This article presents a ten-year forecast for jihadism in Europe. Despite reaching historically high levels in recent years, violent Islamist activity in Europe may increase further over the long term due to four macro-trends: 1) expected growth in the number of economically underperforming Muslim youth, 2) expected growth in the number of available jihadi entrepreneurs, 3) persistent conflict in the Muslim world, and 4) continued operational freedom for clandestine actors on the Internet. Over the next decade, the jihadi attack plot frequency in Europe may follow a fluctuating curve with progressively higher peaks. Many things can undercut the trends and lead to a less ominous outcome, but the scenario is sufficiently likely to merit attention from policymakers....
The last few years have seen historically high levels of jihadi activity in Europe. There has been a negative development on a range of indicators, including:
- Deaths: Between 2014 and 2016, jihadi attacks killed 273 people, more than in all previous years combined (267).
- Attacks: In 2015 and 2016, there were 14 jihadi attacks, about 3.5 times more than the biannual average (6) for the preceding fifteen years.
- Plots: In 2015 and thus far in 2016, there were 29 well-documented attack plots, about 2.5 times more than the biannual average (12).
- Execution rate: In 2015 and 2016 about half of the serious plots reached execution, compared with less than a third in the preceding fifteen years.
- Foreign fighters: Between 2011 and 2016 over 5,000 European Muslims went to fight in Syria; about five times more than the number that went to all previous destinations combined.
- Arrests: Between 2011 and 2015, almost 1,600 people were arrested in jihadism-related investigations in the EU (excluding the UK); an increase of 70% compared with the previous five-year period.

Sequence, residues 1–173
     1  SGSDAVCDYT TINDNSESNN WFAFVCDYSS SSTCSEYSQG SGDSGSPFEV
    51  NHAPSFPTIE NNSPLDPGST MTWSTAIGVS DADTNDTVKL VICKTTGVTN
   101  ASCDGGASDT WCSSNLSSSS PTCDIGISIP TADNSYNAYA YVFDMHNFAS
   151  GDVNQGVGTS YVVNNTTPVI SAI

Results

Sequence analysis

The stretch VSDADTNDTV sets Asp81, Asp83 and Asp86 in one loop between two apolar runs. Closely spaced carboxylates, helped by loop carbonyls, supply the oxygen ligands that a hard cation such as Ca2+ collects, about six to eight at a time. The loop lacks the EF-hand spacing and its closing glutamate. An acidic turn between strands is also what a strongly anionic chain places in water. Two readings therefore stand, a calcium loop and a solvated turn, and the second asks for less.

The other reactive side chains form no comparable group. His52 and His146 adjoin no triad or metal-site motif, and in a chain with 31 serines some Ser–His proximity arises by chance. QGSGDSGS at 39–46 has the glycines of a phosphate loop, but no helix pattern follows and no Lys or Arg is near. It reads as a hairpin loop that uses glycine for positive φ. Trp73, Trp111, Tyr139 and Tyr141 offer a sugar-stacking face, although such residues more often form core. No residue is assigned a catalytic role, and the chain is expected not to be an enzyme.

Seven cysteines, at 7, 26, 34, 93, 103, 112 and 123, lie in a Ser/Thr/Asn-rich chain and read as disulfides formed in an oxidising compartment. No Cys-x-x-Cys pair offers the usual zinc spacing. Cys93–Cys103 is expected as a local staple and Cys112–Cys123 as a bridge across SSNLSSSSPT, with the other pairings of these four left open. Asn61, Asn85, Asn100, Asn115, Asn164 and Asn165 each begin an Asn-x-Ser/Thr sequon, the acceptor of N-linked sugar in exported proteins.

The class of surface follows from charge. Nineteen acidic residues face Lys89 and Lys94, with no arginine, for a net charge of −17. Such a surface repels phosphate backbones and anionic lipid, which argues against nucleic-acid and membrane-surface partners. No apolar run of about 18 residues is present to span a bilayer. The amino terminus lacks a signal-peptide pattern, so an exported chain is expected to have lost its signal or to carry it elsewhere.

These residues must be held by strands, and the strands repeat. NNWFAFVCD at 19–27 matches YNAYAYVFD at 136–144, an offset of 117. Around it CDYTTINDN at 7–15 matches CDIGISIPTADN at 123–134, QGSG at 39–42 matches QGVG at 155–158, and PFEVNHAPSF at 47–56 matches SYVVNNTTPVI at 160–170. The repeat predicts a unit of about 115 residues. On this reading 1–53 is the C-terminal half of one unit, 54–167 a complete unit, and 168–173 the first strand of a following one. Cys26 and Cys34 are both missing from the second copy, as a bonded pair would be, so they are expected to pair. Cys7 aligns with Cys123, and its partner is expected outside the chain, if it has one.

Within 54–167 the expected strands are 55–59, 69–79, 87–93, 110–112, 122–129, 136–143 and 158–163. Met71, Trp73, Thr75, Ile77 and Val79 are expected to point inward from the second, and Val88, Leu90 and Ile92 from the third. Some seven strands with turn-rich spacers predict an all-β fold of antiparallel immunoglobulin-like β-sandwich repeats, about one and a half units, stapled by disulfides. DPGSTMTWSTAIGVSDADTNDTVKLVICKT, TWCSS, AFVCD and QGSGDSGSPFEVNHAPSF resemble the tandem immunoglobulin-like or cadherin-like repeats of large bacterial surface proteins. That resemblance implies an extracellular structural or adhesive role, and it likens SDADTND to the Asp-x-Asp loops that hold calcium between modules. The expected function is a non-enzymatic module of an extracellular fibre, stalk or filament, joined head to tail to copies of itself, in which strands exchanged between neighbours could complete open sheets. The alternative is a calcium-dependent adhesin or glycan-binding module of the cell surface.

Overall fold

....The first macro-trend is that the main demographic pool from which European jihadis have historically been recruited, namely economically underperforming Muslim youth, seems to be growing. We know that the majority of European jihadis are young Muslim men of immigrant background from the lower half of the socioeconomic ladder. We do not yet know whether or not their economic underperformance has a causal effect on radicalization, but we know that a majority of them are drawn from this demographic. Tens of large-n studies have found European jihadis, as a group, to score worse than national averages on indicators such as education level, employment rate, and criminal conviction rate.
We also know that the size of the European Muslim population is increasing as a result of immigration and relatively high (but declining) fertility rates. According to Pew Research, the Muslim population in Northern, Western and Southern Europe is set to increase with around 50% from 2010 to 2030, from around 25 million to 37 million. The highest relative increase is expected in Northern and Western Europe, with a 98% and 45% increase respectively (3.8 to 7.5 million in Northern Europe, and 11.3 to 16.4 million in Western Europe). The share of the total population is expected to increase from 3.8% to 7% in Northern Europe, from 6% to 8.6% in Western Europe, and from 6.9% to 8.8% in Southern Europe.